St Peters beats it in religious importance, St Paul's beats it for size and St Basil's for probably sheer exoticism but to me the Haghia Sophia or Aya Sophia is one of the world's greatest architectural achievements. This is Turkey's Jewell. I can't think of a building that has stood for so long and witnessed as much as this "church of holy wisdom". Aya Sophia is pure history.
It stands in the centre of Istanbul directly opposite the equally stunning Sultanhammet mosque and a few hundred yards from the Topkapi Palace. The easiest way to reach it from Emininou or Galata is to take the tram up from 'The Golden Horn'. The tram climbs the hill up before heading west along Divan Yolu and its tourist scene. If you can hop off the tram at Sirkeci and have a look at the station. Istanbul was the terminus for the Orient Express - a train of super luxury that ran between the wars and whose fares were only afforded by the uber rich. Outside is florid Victorian bombast and the bedlam of modern Istanbul - inside is deathly quiet. The concourse is empty and it comes almost as a disappointment. There is an 'Orient Express' cafe and there is a small free museum. The museum has a history of rail travel in Turkey and plans of the station when it was built in 1888. Sirkeci station seems to be embarrassed by its past history and seems quite happy to be sidelined.
Then it is uphill to where the tourists gather and the entrance to Aya Sophia. Entrance is 10 TL and it is now a secular museum rather then a working mosque. It was the Byzantines who built the first stone. It was they who quarried that ochre red stone that the main body seems to be built of. And when you stand beneath, it's that red that is really striking. Justinian was the emperor and he wanted a place of worship fitting the capital of the eastern Roman empire. If Divan Yolu was the main imperial boulevard leading from the city gates you can imagine the sensation visitors got when they first spied it from a distance. Especially when a church with a dome was very cutting edge for the time.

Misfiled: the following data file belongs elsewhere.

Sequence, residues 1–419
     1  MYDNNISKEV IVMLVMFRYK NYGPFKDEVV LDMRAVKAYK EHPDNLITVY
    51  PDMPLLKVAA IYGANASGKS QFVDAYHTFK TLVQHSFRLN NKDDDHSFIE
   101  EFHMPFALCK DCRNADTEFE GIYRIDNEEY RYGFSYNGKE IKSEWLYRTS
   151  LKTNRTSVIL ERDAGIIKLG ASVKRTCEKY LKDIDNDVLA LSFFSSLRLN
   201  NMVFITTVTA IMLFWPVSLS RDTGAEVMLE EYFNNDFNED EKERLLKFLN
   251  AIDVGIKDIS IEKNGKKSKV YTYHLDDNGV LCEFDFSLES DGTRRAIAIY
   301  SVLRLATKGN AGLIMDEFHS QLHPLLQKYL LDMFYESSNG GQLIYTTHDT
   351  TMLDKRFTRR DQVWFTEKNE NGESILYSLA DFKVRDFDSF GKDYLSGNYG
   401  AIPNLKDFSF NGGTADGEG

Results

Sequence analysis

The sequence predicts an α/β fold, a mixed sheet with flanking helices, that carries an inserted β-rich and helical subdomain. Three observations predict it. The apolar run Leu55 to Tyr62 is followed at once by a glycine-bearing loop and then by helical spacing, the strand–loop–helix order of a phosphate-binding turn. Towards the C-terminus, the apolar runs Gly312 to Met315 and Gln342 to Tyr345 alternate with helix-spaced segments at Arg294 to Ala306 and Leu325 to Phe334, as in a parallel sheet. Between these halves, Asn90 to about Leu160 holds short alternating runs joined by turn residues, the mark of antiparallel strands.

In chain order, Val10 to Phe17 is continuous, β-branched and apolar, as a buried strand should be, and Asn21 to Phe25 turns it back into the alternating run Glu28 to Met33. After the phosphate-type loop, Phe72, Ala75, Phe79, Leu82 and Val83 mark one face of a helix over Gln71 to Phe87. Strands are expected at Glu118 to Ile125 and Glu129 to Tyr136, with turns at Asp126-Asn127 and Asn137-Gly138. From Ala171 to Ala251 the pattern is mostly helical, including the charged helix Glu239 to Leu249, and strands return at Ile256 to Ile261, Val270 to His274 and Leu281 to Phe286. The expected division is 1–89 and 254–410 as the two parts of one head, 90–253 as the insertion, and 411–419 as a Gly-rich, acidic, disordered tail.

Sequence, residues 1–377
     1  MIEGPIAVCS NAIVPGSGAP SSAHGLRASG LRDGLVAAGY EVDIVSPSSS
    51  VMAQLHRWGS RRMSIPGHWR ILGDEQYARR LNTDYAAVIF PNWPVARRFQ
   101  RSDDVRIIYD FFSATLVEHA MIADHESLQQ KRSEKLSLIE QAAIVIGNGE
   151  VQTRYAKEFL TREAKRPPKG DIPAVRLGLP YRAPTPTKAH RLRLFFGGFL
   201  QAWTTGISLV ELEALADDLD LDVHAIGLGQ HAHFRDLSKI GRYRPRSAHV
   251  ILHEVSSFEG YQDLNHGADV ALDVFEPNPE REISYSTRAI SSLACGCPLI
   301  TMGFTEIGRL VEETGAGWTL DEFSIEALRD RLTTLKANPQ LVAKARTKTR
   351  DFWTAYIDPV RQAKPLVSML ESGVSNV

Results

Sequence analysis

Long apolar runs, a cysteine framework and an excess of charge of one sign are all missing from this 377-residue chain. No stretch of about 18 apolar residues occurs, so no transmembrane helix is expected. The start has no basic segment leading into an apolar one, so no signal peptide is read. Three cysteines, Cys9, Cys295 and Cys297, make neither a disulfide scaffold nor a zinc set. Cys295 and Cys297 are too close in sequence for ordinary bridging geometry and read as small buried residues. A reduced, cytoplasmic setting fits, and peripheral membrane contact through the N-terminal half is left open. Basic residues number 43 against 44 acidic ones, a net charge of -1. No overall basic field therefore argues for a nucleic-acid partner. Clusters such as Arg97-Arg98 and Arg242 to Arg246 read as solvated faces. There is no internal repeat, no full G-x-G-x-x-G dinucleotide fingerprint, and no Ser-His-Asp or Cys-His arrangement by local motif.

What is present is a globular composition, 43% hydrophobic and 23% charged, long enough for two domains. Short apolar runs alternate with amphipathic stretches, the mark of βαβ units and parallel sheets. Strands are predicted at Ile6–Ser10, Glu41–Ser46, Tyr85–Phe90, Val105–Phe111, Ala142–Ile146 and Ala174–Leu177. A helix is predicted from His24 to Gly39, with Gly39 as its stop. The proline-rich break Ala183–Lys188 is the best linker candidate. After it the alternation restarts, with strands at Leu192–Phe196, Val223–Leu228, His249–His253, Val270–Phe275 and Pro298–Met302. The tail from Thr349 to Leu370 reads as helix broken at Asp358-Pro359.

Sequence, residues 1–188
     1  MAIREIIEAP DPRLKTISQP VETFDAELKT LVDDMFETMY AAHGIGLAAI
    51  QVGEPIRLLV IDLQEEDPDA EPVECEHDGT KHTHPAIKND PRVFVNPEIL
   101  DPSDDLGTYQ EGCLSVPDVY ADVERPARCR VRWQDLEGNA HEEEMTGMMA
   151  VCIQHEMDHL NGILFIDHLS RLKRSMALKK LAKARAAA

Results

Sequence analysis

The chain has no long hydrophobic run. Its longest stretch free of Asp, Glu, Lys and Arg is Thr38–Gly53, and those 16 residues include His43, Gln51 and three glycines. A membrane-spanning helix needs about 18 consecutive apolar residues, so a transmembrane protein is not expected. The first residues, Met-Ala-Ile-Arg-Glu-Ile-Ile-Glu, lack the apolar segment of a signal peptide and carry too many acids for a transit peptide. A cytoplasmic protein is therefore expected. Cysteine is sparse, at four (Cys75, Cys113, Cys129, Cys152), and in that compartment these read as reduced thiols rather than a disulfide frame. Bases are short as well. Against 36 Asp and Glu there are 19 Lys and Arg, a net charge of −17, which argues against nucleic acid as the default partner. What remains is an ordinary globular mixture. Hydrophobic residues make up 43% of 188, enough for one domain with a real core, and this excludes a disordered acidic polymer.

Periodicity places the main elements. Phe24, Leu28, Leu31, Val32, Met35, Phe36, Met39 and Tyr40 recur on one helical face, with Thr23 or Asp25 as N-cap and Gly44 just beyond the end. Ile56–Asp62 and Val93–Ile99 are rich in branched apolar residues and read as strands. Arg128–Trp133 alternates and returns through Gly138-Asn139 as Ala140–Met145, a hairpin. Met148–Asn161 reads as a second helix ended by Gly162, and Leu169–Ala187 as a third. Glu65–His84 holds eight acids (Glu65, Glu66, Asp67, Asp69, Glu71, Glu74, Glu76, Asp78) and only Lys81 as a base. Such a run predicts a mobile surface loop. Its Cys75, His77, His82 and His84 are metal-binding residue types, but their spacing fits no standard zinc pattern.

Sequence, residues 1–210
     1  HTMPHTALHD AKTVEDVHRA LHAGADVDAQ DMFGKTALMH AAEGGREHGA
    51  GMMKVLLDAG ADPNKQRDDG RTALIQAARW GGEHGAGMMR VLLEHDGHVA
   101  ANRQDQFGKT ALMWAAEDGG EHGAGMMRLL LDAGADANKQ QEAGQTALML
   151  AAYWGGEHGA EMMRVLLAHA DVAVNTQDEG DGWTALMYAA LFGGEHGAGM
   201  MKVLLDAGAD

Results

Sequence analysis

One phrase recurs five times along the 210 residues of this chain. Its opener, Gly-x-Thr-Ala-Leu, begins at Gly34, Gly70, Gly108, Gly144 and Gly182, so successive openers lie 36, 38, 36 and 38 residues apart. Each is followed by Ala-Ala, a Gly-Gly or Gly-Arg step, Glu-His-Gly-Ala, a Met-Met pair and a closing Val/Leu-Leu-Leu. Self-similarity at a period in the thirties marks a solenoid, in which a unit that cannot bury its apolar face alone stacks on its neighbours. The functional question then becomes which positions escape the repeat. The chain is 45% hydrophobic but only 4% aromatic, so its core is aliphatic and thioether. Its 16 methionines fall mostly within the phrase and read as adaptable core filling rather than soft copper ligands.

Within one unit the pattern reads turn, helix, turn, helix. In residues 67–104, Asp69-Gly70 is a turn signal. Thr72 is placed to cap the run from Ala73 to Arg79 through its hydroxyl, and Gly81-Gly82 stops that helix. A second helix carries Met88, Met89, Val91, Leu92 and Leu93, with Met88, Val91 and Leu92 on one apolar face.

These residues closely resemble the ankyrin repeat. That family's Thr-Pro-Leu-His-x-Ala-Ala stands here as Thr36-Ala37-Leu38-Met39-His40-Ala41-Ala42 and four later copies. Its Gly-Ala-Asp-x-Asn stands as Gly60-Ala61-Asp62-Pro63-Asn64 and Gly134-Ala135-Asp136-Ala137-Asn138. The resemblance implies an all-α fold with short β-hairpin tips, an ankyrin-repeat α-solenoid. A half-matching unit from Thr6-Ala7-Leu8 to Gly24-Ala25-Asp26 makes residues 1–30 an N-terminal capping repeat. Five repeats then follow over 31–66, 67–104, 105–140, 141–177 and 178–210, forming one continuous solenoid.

The dome in fact became very famous and acted as a kind of beacon as the candles inside could be seen by ships on the Bosphorus in the dark. Being so visible made it coveted by anyone who took an interest in Constantinople. The crusade which went horribly wrong in 1204 put it to the sword; but the big one was in 1453. Mehmet the Conqueror wanted Constantinople and laid siege in one of the most famous wars in history. When the walls were breached 'The City of Constantine' was utterly sacked. Surviving men, women, and children were sold into slavery and many were massacred. The Turks rolled in and Mehmet took prayers in the church the day after the city fell. The cries of "God is Great!" were heard as the church was converted into a mosque. It was he who added the four minarets in each corner. It remained Islamic until the time of Ataturk. Mustafa Kemal himself had a great loathing of anything religious and opened the place as a museum.
As I approached the entrance I couldn't help notice the brickwork was in a shabby state (the roof looks very dusty) - in fact the whole thing reminded me of a giant kiln. Inside is a narthex (entry chamber) made of dark stone and echoing to footsteps. Then across the threshold and into the main chamber. The chamber is about 60ft in circumference and capped by an enormous dome. You get a true feeling of age especially when your footsteps echo on the marble floor. I spotted the column where Red Grant kills the Bulgar agent in From Russia With Love and those great porphyry columns were covered in Islamic shield decals. In fact I could spot where the Christian church of 1453 had been islamised. The pulpit had been where the imam read aloud from the Koran. I still felt the church wasn't completely obliterated - they never got rid of the frescoes high up on the ceiling of Christ with his arms outstretched. And the inside dimensions felt much more like a cathedral then a mosque.
I spent at least forty minutes inside spotting where the christian side was never truly eradicated. It was such a fascinating place. Even after a thousand years there is still the feeling of Old Byzantium poking through.